Author: Orathai Suebkinorn1,2, Joyce S Ramos1,2, Sherry L Grace3,4, Lemlem G Gebremichael1,2, Norma Bulamu1,2, Maria Alejandra Pinero de Plaza1,2,5, Hila A Dafny1,2, Vincent Pearson1,2, Sonia Hines2,6, Lance C Dalleck7, Jeff S Coombes8, Jeroen M Hendriks1,2,9, Robyn A Clark1,2, Alline Beleigoli1,2
1 Caring Future Institute, College of Nursing and Health Sciences, Flinders University, Adelaide, SA, Australia.
2 Mparntwe Centre for Evidence in Health, Flinders University: A JBI Centre of Excellence, Alice Springs, NT, Australia.
3 Faculty of Health, York University, Toronto, ON, Canada.
4 KITE-Toronto Rehabilitation Institute & Peter Munk Cardiac Centre, University Health Network, University of Toronto, Toronto, ON, Canada.
5 National Health and Medical Research Council, Transdisciplinary Centre of Research Excellence in Frailty and Healthy Ageing, Adelaide, SA, Australia.
6 Flinders Rural and Remote Health, NT, College of Medicine and Public Health, Flinders University, Adelaide, SA, Australia.
7 Recreation, Exercise, and Sport Science Department, Western Colorado University, Gunnison, CO, USA.
8 School of Human Movement and Nutrition Sciences, University of Queensland, Brisbane, QLD, Australia.
9 Centre for Heart Rhythm Disorders, the University of Adelaide and the Royal Adelaide Hospital, Adelaide, SA, Australia.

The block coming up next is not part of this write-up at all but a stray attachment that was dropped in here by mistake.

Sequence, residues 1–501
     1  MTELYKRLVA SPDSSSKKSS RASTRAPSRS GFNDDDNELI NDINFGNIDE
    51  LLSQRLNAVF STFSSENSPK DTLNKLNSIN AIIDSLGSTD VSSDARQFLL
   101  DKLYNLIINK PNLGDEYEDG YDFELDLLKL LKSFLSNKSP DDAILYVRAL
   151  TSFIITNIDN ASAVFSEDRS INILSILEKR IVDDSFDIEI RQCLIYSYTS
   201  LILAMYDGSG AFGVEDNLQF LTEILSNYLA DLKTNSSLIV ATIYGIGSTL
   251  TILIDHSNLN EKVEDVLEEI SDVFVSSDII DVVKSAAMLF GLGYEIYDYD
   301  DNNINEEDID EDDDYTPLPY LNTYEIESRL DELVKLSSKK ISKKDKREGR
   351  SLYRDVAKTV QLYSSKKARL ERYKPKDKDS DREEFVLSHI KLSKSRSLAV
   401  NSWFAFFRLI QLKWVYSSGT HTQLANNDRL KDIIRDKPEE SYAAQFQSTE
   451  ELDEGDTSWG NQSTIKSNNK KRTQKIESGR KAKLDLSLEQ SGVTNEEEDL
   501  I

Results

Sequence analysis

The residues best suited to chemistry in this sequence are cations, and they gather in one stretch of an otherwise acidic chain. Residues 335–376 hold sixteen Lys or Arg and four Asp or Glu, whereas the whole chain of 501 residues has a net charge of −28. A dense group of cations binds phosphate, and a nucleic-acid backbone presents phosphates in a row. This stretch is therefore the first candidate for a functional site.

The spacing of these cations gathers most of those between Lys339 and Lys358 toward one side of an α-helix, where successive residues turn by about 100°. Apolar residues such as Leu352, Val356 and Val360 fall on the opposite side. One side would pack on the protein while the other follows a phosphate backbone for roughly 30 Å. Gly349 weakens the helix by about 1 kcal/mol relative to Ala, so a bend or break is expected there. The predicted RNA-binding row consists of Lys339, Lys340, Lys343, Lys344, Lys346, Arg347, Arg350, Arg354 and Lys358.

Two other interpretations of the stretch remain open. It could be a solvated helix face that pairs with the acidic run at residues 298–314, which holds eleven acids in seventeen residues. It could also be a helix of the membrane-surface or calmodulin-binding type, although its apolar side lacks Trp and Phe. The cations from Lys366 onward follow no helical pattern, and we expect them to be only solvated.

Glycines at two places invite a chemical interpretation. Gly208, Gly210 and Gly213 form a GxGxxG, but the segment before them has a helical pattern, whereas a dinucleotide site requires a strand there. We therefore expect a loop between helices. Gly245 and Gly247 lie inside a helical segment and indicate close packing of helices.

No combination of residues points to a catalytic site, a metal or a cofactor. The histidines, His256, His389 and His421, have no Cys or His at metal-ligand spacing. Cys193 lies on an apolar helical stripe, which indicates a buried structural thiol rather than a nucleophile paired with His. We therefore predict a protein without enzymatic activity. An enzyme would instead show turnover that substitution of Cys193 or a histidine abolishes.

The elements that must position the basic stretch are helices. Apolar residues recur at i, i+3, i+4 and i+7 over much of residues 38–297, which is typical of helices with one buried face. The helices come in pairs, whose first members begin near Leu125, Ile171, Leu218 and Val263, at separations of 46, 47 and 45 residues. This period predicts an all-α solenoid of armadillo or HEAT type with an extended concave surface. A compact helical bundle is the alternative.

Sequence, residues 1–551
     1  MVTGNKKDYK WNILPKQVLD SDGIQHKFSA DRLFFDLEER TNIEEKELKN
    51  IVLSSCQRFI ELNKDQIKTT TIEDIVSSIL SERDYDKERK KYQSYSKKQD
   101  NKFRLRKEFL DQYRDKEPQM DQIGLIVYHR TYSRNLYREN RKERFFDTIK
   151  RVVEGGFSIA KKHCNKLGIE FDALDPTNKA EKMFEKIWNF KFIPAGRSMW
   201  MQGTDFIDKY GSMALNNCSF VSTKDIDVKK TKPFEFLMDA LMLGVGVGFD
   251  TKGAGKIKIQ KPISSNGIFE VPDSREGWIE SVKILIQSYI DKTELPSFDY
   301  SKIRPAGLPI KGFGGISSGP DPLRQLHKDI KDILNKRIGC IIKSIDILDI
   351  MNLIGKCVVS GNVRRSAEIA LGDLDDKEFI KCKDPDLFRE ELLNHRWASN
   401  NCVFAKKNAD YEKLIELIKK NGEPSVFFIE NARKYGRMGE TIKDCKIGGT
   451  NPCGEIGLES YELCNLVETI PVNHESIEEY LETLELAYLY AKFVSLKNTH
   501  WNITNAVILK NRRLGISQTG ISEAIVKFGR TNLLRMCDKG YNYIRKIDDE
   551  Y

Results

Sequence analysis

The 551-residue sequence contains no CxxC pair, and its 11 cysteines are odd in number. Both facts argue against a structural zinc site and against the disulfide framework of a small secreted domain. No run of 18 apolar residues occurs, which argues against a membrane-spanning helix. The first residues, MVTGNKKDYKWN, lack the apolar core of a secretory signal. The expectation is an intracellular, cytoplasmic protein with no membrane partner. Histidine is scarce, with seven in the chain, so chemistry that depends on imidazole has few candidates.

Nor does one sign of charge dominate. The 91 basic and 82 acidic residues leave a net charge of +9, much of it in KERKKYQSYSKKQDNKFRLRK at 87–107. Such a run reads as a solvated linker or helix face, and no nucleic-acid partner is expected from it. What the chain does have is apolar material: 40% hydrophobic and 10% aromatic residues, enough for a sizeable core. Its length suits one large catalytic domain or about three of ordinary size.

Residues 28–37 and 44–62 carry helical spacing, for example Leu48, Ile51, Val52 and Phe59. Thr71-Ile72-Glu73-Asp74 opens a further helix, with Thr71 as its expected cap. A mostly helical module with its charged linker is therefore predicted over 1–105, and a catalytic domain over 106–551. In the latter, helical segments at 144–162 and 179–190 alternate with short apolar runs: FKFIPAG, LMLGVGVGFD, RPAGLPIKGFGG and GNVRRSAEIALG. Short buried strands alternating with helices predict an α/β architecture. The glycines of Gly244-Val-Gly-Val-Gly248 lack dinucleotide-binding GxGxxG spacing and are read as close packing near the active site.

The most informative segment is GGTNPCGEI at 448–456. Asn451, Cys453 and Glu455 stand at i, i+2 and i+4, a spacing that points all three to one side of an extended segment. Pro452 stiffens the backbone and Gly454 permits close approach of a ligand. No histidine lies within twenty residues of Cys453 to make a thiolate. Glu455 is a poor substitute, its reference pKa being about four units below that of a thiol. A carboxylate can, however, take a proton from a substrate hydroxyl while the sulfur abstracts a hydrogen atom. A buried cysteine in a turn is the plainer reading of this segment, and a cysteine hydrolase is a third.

Conference/Journal: JBI Evid Synth
Date published: 2023 Jul 12
Other: Special Notes: doi: 10.11124/JBIES-22-00394. , Word Count: 266
This review will evaluate the effectiveness of alternative versus traditional forms of exercise on cardiac rehabilitation program utilization and other outcomes in women with or at high risk of cardiovascular disease.
Exercise-based cardiac rehabilitation programs improve health outcomes in women with or at high risk of cardiovascular disease. However, such programs are underutilized worldwide, particularly among women. Some women perceive traditional gym-based exercise in cardiac rehabilitation programs (eg, typically treadmills or cycle ergometers, or traditional resistance training) to be excessively rigorous and unpleasant, resulting in diminished participation and completion. Alternative forms of exercise such as yoga, tai chi, qi gong, or Pilates may be more enjoyable and motivating exercise options for women, enhancing engagement in rehabilitation programs. However, the effectiveness of these alternative exercises in improving program utilization is still inconsistent and needs to be systematically evaluated and synthesized.
This review will focus on randomized controlled trials. The review will include studies measuring the effectiveness of alternative versus traditional forms of exercise on cardiac rehabilitation program utilization as well as clinical, physiological, or patient-reported outcomes in women with or at high risk of cardiovascular disease.
The review will follow the JBI methodology for systematic reviews of effectiveness. Databases including MEDLINE (Ovid), CINAHL (EBSCOhost), Cochrane CENTRAL, Embase (Ovid), Emcare (Ovid), Scopus, Web of Science, LILACS, and PsycINFO (Ovid) will be searched. Two independent reviewers will screen articles and then extract and synthesize data. Methodological quality will be assessed using JBI's standardized instruments. GRADE will be used to determine the certainty of evidence.
Systematic review registration number:
PMID: 37435676 DOI: 10.11124/JBIES-22-00394